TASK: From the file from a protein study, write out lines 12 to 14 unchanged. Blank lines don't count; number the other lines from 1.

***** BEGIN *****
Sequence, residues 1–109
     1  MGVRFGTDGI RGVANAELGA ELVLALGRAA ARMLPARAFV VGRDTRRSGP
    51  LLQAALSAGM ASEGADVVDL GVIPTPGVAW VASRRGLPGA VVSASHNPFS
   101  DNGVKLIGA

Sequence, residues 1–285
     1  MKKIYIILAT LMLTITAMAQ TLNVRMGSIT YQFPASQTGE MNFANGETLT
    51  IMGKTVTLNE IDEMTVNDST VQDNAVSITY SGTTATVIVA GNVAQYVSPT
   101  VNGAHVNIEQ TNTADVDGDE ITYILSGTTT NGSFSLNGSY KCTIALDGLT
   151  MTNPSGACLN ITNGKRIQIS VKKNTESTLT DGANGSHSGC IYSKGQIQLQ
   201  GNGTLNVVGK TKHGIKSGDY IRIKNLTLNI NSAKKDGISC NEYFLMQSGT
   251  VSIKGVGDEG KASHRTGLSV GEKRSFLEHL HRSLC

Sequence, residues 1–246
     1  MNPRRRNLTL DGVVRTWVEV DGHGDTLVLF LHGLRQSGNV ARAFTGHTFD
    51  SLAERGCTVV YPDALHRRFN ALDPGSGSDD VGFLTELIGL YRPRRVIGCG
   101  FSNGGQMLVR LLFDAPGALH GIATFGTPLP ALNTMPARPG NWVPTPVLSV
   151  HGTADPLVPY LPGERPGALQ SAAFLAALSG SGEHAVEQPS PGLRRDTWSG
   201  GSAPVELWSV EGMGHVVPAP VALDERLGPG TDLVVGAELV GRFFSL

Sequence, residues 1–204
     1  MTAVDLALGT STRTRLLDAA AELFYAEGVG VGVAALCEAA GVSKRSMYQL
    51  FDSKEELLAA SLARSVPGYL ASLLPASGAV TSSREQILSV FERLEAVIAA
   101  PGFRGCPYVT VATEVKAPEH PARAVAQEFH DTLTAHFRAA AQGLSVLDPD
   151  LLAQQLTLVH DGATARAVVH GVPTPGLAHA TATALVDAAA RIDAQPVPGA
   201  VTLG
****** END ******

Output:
Sequence, residues 1–246
     1  MNPRRRNLTL DGVVRTWVEV DGHGDTLVLF LHGLRQSGNV ARAFTGHTFD
    51  SLAERGCTVV YPDALHRRFN ALDPGSGSDD VGFLTELIGL YRPRRVIGCG